John Olin and Tom Nicholls were friends; in fact, they often went hunting together. The idea of a merger was first broached in 1951, but discarded because a satisfactory division of power did not seem possible. Nicholls headed a company almost equal to Olin in size, and neither he nor John Olin wanted to be subordinate to the other. Nevertheless, a merger remained tempting because it would further Olins new expansion into chemicals and bring Mathieson closer to consumers. The companies had previously cooperated on a rocket fuels venture which proved they could work together.

During the initial discussions of a merger between the two corporations, Mathieson purchased Squibb, a well known manufacturer of Pharmaceuticals that was only slightly smaller than itself. In 1953, while on a hunting trip, Olin finally convinced Nicholls that a merger was possible. Within a matter of days Bill Hanes had arrived at a satisfactory division of power. The new Olin-Mathieson would be run by a triumvirate of John Olin, Nicholls, and Hanes. Olin would be chairman, Nicholls president, and Hanes head of finance.

The press offered its congratulations in 1953 when the agreement took place. Many analysts remarked on the compatibility of the Olin and Mathieson operations and the apparent dovetailing of their strategic directions. Mathieson was moving from basic chemicals to consumer goods while Olin, a manufacturer of consumer goods, was moving into basic chemicals. The only indication of trouble came from inside the company. Said an Olin-Mathieson executive soon after the merger, Well have to keep Tommy (Nicholls) from expanding for the present; this is a time to digest.

However, the desire to diversify triumphed over prudence. Within 18 months of its incorporation the Olin Mathieson Chemical Company had purchased three new businesses: Mar-quardt Aircraft, Blockson Chemical, and the Brown Paper Mill Company. This last purchase alone cost $90 million. By 1958 Olin Mathieson was producing one of the widest assortments of products of any company in the United States, yet its strategy was not proving successful. Sales for that year were a disappointing $20 million, although Bill Hanes had said in 1956 that sales would soon be hitting $1 billion. The causes of Olin Mathiesons poor performance were manifold.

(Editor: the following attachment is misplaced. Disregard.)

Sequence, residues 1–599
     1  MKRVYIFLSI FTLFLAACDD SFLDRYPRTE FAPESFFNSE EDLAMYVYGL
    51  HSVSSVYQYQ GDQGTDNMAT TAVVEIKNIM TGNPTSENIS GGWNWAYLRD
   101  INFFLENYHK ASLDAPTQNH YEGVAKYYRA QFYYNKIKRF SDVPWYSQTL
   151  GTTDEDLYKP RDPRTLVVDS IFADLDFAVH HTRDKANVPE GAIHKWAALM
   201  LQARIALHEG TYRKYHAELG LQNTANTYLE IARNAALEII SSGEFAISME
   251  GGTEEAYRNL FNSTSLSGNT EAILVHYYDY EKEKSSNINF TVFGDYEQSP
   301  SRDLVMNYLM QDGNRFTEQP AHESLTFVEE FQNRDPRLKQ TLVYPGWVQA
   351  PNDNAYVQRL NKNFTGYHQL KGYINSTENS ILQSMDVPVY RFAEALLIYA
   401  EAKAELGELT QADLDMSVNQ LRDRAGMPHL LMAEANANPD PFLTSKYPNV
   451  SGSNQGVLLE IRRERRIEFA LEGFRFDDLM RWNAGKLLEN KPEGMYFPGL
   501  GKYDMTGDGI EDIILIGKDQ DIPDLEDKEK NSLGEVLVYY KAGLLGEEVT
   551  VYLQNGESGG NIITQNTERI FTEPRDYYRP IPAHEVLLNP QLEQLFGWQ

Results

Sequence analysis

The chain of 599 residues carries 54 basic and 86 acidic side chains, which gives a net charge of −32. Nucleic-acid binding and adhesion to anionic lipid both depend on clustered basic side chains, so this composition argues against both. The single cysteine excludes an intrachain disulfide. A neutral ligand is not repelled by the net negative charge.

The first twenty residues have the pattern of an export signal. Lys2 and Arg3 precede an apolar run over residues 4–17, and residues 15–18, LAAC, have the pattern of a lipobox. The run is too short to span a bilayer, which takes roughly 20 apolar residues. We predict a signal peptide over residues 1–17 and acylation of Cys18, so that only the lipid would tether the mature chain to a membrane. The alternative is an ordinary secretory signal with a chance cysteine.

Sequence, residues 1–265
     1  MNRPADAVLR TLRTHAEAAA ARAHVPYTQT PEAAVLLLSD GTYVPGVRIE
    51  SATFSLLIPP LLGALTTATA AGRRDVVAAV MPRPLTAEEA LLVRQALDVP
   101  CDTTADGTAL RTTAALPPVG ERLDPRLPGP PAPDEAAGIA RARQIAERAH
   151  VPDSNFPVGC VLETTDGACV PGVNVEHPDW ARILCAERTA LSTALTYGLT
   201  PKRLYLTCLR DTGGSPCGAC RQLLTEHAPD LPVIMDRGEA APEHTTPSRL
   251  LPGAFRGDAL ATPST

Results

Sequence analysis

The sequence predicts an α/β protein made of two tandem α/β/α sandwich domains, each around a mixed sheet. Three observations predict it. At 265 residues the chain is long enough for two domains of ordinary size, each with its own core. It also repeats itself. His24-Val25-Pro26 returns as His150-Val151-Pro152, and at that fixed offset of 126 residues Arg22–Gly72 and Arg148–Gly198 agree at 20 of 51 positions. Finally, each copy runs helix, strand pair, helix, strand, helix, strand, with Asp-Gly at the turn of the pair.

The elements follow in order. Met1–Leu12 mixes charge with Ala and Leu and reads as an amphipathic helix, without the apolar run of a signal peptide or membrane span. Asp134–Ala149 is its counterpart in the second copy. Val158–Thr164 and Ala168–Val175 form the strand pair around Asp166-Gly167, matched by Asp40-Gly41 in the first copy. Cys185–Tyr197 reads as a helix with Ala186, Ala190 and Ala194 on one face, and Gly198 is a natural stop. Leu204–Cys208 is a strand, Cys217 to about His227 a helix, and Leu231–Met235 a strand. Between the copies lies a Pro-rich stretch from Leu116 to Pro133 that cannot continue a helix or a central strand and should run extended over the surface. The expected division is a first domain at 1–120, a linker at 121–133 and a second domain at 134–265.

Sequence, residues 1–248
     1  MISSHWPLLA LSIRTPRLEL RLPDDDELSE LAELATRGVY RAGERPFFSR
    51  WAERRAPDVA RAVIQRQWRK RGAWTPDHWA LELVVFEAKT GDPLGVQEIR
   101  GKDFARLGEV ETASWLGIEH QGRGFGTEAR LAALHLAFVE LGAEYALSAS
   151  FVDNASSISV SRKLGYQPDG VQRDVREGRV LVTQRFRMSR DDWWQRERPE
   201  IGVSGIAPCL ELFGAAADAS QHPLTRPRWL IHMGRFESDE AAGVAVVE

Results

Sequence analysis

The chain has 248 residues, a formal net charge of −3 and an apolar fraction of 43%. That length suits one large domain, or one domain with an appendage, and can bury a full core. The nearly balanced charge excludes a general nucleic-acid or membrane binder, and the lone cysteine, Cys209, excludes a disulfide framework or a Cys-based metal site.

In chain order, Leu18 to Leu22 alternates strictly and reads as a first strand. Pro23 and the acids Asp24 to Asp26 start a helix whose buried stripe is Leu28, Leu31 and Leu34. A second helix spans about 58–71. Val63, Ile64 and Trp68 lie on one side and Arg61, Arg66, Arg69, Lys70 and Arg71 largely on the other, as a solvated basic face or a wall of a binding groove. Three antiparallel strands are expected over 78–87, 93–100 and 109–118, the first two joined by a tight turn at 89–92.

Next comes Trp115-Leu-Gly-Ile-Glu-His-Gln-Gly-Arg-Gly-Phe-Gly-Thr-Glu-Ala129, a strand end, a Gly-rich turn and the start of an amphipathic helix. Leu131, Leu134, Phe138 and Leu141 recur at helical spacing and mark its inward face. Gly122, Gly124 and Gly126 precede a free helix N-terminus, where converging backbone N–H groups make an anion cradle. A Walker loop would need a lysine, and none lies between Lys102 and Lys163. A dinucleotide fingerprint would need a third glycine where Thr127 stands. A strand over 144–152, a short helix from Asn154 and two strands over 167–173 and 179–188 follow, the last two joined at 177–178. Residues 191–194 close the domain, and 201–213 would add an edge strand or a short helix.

The August 1958 issue of Fortune magazine accused the company of allowing itself to be constantly sidetracked. Indeed, Olin Mathieson seemed to lack direction. Part of the problem lay in its strategy of diversification and part in the structure of the new company itself. Fortune called the management of Olin Mathieson a loose confederation of tribal chieftains. This charge was borne out by a 1958 meeting where the 36 research chiefs met for the first time and two of them discovered that they had been doing identical research on a fuel additive.

The lack of communication and poor diversification strategy led to the 1957 purchase of an aluminum plant. The aluminum industry was an expensive one to enter and the purchase of the aluminum works put Olin Mathieson into debt. In addition, the timing of the purchase could not have been worse, as a soft market was imminent. The business community was surprised at the poor planning of the aluminum operation because Olin Mathieson had not secured a source of bauxite, a principal ingredient in aluminum manufacture and one that was frequently in short supply. For the next two decades Olin Mathieson would find its fortunes rising and falling with the profitability of aluminum.

Nicholls was soon promoted to the board, John Olin became chairman of the executive committee, and Stan Osborne became president. Osborne was a feisty but accessible administrator. He was also a Spanish history buff; in fact, he was engaged in writing a book on that very subject when he was promoted. Determined to avoid the corporate equivalent of the sinking of the Spanish Armada, he began to dispose of unprofitable and incompatible product lines and assure a supply of bauxite. Osborne undertook cost control measures, including a $20,000 cut in his own salary. The business press praised his damage control.

After the two bad years of 1957 and 1958 when sales declined, the balance sheet began to improve. In 1959 profits increased 17 percent over the previous year, but that rate of growth did not continue. Although Osbornes cost-cutting measures kept the company from disaster, he was clearly frustrated by the companys slow progress. He resigned in 1963 for a career in banking.

Throughout the 1960s Olin Mathieson continued to be plagued by the same problems that had come to light in 1958. In 1967 the new president, a man named Grand, initiated a program not unlike Osbornes recovery plan. Unprofitable divisions were ordered to show an eight percent yearly increase in profits. This was not an unattainable figure for most of the divisions. Even Squibb, which was responsible for a quarter of the companys sales, was producing a mediocre five percent return on assets. In 1967 Grand planned a program of expansion into recreation, housing, lumber, and chemicals. In 1969 the company adopted the name Olin Corporation.

In what was developing into a disheartening pattern, Olin celebrated the new decade with a decline in profits. A prolonged strike by American autoworkers decreased the market for aluminum. Furthermore, new environmental regulations were expensive. Two plants, one manufacturing DDT and the other soda ash, had to be shut down because they could not meet environmental protection standards. These closings resulted in a $26 million loss. The timing of Olins new housing venture recalled its venture into aluminum, since the market went into a downslide soon after Olin entered it. Sporting goods, sold through the Winchester division, became one of the companys priorities. Olin ski equipment was marketed and sold successfully.